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Britney Spears’ Mother Asks Court to Let Britney Choose Her Own Lawyer

Britney Spears has earned millions during the 13 years she has been under a court-appointed conservatorship.

LOS ANGELES (CN) — Weeks after delivering explosive testimony against her court-appointed conservatorship, Britney Spears received support from her mother who says it’s time for her daughter to be able to choose her own attorney.

During startling 25-minute testimony in a Los Angeles County Superior courtroom on June 23, pop icon Britney Spears revealed that she has had little control over her personal and professional decisions in the last decade. Britney Spears, 39, said she also received little information about her legal rights, claiming that no one told her she could request her own attorney.

On Tuesday, Britney Spears’ mother, Lynne Spears, asked Judge Brenda Penny to allow her daughter to be able to hire her own attorney. She also asked the court to not hold Britney Spears to the standards that landed her in the conservatorship over 13 years ago.

“Her capacity is certainly different today than it was in 2008, and Conservatee should no longer be held to the 2008 standard, whereby she was found to ‘not have the capacity to retain counsel,’” said Lynne Spears.

In January 2008, Spears was committed to a psychiatric facility in LA after a court hearing where her visitation rights with her children were suspended. During this time, the court placed her under a conservatorship overseen by her father, Jamie Spears and an attorney.  A perpetual magnet for paparazzi, Britney Spears’ public meltdown was captured and broadcast in the years leading up to an LA County judge's determination that she was deemed unfit to make her own decisions.

Last month, Britney Spears spoke publicly for the first time since being placed under the conservatorship.

“I’m not happy. I can’t sleep, I’m so angry it’s insane. I cry every day,” Spears said.

Spears pleaded with Penny to modify or remove the conservatorship.

“Basically, this conservatorship is doing me way more harm than good. I deserve to have a life. I have worked my whole life,” Spears told Penny, revealing that she may want to retire from her music career and have another child.

Lynne Spears said the court should allow her daughter to own her own money as opposed to a reported allowance managed by her conservators. Lynne asked the court to remove the conservator on Britney’s estate and terminate the conservatorship without her being placed under another evaluation.

At the June 23 hearing, Britney Spears said, “I don’t think I owe anyone to be evaluated. I’ve done more than enough. I don’t feel like I should even be in a room with anyone to offend me by trying to question my capacity of intelligence, whether I need to be in this stupid conservatorship or not.”

Other requests made by her mother included allowing Britney Spears to be able to ride in her boyfriend’s car, to be able to speak out publicly about her situation, be allowed to marry, to pick her own attorney, meet with a therapist once a week at her home, see her friends, have an IUD removed from her body and have a baby.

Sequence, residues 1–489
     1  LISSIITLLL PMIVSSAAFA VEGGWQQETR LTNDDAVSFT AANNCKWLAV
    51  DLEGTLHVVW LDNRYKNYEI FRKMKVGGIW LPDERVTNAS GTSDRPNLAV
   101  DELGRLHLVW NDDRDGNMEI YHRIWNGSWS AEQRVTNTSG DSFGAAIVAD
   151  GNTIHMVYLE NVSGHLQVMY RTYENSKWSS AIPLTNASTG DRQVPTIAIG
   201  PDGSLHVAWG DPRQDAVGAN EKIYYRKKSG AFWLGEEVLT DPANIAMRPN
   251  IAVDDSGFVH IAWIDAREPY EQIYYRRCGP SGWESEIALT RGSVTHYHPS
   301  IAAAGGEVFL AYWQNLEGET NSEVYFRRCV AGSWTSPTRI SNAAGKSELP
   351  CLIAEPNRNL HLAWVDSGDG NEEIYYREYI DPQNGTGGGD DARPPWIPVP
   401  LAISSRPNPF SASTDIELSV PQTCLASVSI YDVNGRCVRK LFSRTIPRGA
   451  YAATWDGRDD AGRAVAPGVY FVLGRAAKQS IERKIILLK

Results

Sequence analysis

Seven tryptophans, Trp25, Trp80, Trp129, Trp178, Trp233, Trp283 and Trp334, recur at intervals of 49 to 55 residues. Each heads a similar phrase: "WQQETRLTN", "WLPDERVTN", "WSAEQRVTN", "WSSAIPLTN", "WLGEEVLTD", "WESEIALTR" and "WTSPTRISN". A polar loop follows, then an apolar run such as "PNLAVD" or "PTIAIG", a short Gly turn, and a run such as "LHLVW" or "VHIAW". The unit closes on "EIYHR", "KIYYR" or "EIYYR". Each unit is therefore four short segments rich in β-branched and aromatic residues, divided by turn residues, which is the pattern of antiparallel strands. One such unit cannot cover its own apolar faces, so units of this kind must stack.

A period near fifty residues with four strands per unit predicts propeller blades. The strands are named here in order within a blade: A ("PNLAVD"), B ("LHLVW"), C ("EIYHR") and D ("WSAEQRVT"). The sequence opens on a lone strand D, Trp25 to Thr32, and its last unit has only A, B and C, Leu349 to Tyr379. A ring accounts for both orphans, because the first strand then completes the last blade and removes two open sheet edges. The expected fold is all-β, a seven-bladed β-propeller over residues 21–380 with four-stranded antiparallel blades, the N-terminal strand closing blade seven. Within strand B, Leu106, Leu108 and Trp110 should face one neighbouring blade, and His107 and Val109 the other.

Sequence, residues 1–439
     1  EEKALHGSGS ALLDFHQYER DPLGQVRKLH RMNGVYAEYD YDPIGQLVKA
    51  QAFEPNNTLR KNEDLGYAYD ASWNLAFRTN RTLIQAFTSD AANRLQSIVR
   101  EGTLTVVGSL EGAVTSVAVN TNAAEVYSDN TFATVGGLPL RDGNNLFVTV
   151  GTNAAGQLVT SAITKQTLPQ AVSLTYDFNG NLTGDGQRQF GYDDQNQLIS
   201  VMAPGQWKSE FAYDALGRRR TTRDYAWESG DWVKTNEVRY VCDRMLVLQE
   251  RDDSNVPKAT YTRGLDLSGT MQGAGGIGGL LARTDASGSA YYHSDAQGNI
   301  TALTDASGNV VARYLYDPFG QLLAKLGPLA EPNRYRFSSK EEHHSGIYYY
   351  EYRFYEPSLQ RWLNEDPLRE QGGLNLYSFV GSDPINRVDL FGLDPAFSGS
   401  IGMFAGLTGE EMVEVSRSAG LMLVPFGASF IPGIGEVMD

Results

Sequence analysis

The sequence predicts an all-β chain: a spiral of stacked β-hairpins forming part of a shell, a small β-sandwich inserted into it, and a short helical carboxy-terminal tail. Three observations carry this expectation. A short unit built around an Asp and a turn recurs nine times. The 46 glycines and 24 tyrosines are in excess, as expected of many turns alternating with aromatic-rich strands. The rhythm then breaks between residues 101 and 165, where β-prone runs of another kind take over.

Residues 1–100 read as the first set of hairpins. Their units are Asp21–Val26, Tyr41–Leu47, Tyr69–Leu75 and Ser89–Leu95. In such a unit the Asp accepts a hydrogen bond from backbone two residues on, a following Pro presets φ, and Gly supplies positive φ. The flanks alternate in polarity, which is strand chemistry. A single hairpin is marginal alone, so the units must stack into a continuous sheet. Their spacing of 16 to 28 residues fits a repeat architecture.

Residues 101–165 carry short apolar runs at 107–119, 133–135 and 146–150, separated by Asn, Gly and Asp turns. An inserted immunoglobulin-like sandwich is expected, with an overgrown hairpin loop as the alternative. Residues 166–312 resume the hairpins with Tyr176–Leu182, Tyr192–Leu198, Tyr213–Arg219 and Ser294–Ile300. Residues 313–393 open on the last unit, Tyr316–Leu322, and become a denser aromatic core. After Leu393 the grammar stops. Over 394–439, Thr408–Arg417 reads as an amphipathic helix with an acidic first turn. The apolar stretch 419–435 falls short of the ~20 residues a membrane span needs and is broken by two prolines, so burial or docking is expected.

“It is beyond dispute that this is a unique conservatorship,” Lynne Spears said in her filing.

In the original petition to the court, Britney Spears' family listed a medical center as her given address while she was being held in a psychiatric evaluation.

“That was over thirteen years ago,” Lynne Spears said. “Now, and for the past many years, Conservatee is able to care for her person and in fact has, inside of the parameters of this conservatorship, earned literally hundreds of millions of dollars as an international celebrity.”

A similar request was made by Britney Spears’ personal conservator, Jodi Montgomery. In her separate petition to the court, Montgomery said that Britney Spears has repeatedly asked her for help to find a personal attorney.

Montgomery included screenshots from a text message exchange with Britney Spears where she says that she wants to help her, but she “needs to stay in her lane” as the personal conservator.

“Your dad has excellent attorneys, and you should too,” Montgomery wrote.

“I know but I want (redacted),” Spears wrote back in a redacted text message. “AND a get a new lawyer I can do BOTH.”

“Your new lawyer will do that,” Montgomery wrote.

She added, “You must have your own representation, and we will clear the way in court.”

Spears responded, “It’s not cool though ur not givin me names Jody… I don’t have representation though.”

Montgomery said that Samuel Ingham is still Spears’ court-appointed attorney.

In a separate filing, Montgomery asked for increased security, because she’s seen a “marked increase” in threats through social media and text messages, phone calls and emails.

After the June 23 hearing, both Ingham and Bessemer Trust, the financial institution appointed as co-conservator of Britney Spears’ estate, offered their resignations from the conservatorship. The court will consider those motions and many more at a July 14 hearing.

Follow Nathan Solis on Twitter.

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